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Warrenville parental responsibility attorneyNobody thinks of the end of a marriage when they get married, and even though the divorce rate in the United States is declining, divorce is still common. The Illinois Department of Public Health reported that 29,331 divorces were granted in the state of Illinois in 2016. Divorces are stressful and emotional, and they become more so when children are involved. When children are a part of divorce, they bring issues with them that need to be resolved, such as child custody, child support, and visitation.

Parental Responsibilities Instead of Custody

The state of Illinois no longer refers to custody of children. Since a new law was introduced in 2016, what used to be known as custody is now referred to as parental responsibilities, and the amount of time children spend with each parent is known as parenting time. Parental responsibility consists of significant decision-making for children, and there are four types of decision-making:

  • Education, including choosing schools and tutors.
  • Health, including decisions pertaining to the medical, dental, and psychological well-being of the child.
  • Religion. 
  • Extracurricular activities.

Unless an agreement is submitted to the court that details the allocation of parental responsibilities, the court will determine which responsibilities are allocated to each parent. The law also states that there is no requirement to allocate any responsibilities to each parent.

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Winfield child relocation lawyerRelocating to a new home for work is complex when divorced parents share custody of a child. This is because Illinois has strict regulations regarding the processes parents must follow when moving with a child. As such, the very action intended to benefit yourself and your child – a promising employment opportunity – may be complicated by the allocation of parental responsibility and parenting time set forth in your court-ordered divorce decree. 

In some cases, your former spouse may be supportive of work-related relocation, even if it has support and custody-related implications. In other instances, however, the two of you may not agree about modifications to the allocation of parental responsibility when attempting to initiate child relocation. In times like these, it is essential to have experienced legal representation.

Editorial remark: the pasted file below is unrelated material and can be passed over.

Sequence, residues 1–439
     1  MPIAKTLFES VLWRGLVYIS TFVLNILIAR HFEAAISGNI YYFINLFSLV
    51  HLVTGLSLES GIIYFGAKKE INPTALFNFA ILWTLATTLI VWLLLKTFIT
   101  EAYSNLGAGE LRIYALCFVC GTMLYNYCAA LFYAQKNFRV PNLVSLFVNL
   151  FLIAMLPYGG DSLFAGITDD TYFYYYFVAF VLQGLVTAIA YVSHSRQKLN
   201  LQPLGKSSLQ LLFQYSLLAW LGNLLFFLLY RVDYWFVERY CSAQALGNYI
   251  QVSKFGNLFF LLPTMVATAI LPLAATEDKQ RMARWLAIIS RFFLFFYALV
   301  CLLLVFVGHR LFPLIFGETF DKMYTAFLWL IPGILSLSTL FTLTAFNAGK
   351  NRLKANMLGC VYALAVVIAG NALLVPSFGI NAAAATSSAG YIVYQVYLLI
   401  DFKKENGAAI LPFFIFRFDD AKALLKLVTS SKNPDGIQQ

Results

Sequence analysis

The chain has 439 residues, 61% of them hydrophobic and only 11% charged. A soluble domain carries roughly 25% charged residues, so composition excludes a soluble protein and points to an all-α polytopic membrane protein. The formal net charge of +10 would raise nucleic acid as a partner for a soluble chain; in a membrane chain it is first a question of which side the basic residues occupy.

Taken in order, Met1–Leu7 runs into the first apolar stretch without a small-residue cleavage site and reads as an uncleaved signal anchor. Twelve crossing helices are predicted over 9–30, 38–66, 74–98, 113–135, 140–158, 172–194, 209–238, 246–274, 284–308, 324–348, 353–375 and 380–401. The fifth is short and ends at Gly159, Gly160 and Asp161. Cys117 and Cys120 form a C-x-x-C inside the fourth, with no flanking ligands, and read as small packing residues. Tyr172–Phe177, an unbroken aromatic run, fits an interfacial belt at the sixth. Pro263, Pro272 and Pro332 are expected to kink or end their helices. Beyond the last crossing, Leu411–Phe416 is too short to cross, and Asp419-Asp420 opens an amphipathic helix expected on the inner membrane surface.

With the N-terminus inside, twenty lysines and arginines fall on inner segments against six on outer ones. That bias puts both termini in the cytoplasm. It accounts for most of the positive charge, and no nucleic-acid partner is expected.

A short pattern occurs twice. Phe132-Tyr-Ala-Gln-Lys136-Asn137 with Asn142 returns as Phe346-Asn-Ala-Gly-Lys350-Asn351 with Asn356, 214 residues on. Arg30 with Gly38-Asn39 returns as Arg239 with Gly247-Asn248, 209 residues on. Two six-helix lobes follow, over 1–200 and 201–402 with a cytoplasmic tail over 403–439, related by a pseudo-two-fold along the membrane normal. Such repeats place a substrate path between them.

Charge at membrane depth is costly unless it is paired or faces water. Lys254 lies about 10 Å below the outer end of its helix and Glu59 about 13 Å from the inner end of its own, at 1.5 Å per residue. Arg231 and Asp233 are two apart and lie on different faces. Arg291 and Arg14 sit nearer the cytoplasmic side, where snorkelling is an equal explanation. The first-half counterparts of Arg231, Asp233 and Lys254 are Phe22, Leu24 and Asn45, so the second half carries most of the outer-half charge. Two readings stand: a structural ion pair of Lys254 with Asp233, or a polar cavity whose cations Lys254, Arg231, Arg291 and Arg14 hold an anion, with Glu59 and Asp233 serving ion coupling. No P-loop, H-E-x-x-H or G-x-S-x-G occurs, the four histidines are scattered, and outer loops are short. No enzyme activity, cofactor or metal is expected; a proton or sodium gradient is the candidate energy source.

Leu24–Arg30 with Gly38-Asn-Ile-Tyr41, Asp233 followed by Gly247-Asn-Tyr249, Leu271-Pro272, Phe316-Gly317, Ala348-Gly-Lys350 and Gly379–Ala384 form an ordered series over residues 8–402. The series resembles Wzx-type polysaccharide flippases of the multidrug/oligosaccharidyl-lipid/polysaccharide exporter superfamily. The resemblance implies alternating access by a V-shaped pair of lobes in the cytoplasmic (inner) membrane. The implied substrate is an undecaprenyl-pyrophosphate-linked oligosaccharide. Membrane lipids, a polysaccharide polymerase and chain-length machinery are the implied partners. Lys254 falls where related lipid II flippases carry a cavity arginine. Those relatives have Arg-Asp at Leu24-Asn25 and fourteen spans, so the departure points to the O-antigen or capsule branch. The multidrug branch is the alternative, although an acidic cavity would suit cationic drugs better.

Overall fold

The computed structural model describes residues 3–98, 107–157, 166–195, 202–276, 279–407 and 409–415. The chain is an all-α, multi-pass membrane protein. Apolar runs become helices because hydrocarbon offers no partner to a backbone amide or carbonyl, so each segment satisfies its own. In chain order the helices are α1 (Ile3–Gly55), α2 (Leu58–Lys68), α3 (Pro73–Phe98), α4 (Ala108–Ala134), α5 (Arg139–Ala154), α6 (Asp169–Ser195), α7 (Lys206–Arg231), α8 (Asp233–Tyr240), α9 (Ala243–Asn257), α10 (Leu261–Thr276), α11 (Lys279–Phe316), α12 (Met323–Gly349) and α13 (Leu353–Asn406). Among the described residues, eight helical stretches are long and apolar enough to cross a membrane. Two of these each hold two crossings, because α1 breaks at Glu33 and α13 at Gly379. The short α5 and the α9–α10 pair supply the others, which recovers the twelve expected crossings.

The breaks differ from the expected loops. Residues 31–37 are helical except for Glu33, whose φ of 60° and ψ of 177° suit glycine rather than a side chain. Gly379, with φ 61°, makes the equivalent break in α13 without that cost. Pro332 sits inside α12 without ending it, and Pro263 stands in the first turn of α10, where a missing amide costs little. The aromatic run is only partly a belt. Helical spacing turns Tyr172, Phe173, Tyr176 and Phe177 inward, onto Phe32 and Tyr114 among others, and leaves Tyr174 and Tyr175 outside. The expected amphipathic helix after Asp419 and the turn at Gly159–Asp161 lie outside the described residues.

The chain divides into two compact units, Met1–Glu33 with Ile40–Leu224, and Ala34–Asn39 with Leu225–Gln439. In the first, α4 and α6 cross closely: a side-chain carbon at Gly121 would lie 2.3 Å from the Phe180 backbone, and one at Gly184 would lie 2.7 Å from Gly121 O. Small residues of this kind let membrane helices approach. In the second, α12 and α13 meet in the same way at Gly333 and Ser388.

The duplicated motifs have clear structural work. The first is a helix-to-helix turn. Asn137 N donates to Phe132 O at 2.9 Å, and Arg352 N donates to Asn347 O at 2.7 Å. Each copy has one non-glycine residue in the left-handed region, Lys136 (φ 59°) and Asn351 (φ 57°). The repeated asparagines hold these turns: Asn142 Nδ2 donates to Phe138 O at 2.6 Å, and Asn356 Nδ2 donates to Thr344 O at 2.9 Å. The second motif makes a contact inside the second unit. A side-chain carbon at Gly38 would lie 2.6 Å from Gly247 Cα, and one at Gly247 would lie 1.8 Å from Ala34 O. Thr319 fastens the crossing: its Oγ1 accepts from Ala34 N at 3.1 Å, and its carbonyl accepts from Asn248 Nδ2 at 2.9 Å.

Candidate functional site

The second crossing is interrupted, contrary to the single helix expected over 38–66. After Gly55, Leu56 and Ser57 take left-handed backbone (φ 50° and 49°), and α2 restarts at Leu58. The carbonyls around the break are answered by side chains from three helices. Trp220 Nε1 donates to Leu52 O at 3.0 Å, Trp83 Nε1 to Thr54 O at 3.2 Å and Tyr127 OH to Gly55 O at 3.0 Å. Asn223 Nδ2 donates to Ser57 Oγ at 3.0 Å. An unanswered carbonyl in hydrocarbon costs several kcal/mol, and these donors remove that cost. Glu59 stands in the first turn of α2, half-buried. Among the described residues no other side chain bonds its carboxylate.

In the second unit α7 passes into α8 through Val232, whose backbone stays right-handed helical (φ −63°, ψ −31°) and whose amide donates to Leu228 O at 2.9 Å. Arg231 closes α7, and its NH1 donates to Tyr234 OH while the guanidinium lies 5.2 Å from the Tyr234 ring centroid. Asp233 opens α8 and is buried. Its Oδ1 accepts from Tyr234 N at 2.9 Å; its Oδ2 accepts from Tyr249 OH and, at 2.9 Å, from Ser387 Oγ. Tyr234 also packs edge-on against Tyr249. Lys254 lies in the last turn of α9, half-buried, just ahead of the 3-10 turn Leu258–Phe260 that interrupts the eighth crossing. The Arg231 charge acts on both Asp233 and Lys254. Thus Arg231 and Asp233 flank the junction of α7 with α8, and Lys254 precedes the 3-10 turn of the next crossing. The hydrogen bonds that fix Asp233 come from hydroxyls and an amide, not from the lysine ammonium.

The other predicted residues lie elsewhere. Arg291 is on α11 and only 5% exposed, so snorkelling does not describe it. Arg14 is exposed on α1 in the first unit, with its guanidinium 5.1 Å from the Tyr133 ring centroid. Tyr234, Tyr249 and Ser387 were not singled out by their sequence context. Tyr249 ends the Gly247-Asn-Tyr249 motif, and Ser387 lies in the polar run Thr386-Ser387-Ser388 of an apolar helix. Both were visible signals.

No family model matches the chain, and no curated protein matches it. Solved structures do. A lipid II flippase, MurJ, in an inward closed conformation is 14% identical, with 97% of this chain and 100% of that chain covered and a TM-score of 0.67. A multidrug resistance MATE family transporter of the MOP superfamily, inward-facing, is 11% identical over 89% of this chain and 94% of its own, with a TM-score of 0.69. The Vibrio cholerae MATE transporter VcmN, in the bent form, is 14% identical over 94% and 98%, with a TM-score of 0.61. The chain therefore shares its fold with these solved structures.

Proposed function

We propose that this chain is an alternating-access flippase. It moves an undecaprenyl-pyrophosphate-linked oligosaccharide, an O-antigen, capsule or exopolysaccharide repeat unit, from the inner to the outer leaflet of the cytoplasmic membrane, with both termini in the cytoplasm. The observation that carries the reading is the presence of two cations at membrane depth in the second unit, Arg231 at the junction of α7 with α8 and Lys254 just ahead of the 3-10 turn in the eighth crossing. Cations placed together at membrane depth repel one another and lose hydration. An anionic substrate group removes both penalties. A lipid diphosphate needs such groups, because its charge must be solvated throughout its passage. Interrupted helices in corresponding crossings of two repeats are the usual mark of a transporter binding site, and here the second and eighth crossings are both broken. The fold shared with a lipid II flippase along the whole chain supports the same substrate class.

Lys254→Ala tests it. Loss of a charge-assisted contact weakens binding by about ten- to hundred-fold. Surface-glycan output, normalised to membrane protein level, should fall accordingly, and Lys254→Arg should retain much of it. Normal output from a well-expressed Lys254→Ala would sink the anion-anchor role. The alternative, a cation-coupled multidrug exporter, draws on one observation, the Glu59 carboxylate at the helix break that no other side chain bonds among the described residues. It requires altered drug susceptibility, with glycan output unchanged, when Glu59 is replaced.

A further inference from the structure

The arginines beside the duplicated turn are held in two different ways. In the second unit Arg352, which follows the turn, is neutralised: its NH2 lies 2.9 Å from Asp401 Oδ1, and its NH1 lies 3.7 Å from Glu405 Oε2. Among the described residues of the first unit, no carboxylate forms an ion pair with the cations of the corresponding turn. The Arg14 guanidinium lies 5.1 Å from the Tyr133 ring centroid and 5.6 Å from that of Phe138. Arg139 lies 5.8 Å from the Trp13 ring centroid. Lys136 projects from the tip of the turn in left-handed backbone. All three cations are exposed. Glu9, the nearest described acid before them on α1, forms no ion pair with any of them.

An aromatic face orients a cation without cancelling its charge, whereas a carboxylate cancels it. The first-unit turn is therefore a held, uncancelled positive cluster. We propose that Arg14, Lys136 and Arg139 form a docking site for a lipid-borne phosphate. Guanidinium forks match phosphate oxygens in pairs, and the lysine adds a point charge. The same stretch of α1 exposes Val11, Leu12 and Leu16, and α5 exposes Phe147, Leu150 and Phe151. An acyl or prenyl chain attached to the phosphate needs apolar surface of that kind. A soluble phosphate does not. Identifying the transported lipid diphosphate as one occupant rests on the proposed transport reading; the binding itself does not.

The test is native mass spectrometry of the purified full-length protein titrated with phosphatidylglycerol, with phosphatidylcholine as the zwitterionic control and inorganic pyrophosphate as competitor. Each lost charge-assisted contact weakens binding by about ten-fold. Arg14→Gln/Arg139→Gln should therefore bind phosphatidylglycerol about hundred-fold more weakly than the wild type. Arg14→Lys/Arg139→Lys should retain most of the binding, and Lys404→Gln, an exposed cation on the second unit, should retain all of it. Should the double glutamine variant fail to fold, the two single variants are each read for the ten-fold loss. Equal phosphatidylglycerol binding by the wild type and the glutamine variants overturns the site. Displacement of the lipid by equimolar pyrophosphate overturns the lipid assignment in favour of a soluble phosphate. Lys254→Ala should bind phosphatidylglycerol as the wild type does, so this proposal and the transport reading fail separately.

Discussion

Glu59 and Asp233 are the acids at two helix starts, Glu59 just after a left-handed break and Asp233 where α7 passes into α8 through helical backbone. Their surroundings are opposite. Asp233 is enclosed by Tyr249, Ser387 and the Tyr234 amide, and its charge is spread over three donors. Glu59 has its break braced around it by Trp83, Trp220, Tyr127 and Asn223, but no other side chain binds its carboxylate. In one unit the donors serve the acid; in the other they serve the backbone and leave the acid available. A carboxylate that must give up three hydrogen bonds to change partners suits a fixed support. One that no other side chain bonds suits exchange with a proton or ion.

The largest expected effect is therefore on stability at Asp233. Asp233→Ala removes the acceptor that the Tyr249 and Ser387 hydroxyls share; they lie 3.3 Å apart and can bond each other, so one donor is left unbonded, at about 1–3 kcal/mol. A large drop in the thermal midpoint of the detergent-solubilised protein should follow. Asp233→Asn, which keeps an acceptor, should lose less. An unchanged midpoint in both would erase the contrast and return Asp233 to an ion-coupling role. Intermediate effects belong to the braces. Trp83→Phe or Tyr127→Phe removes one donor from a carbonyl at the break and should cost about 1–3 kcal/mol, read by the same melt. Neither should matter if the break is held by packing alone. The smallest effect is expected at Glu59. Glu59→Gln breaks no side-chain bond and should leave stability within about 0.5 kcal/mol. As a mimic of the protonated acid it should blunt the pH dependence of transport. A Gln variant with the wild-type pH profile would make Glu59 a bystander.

Relocation is a Question of Distance

If you were divorced in Illinois, provide your child’s primary residence, and are moving to a new residence in the state less than 25 miles from your current residence for work-related reasons, you do not have to worry about revisiting the existing allocation of parental responsibility ordered by the court in your divorce. 

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Wheaton divorce lawyer taxes spousal maintenanceWith the IRS tax filing deadline coming up later this month, it is time for recently divorced or soon-to-be divorcing spouses to become acquainted with the tax implications of divorce. While child support payments do not have any tax implications (that is, they are not tax-deductible for the paying parent, and they are not considered taxable income for the receiving parent), spousal maintenance (alimony) payments do. Whether you are paying or receiving spousal maintenance in Illinois, you need to account for it on your taxes.

Spousal Maintenance Is Tax Deductible for the Payor

If you are currently paying spousal maintenance to your ex-spouse, know that these support payments are tax deductible. As such, you may end up being required to pay less taxes than expected. Awareness of such positive tax implications should allow you to better plan your finances, whether you are budgeting in the short-term or saving and investing for the long-term.

Spousal Maintenance Is Taxable Income for the Recipient

If you are currently receiving spousal maintenance from your ex-spouse, know that the support payments constitute taxable income. Because of this, you may end up being required to pay more taxes than expected. Anticipating and accounting for this reality well in advance of the tax filing deadline can help you budget and plan your finances as so to avoid experiencing unexpected and stressful monetary burdens at tax time.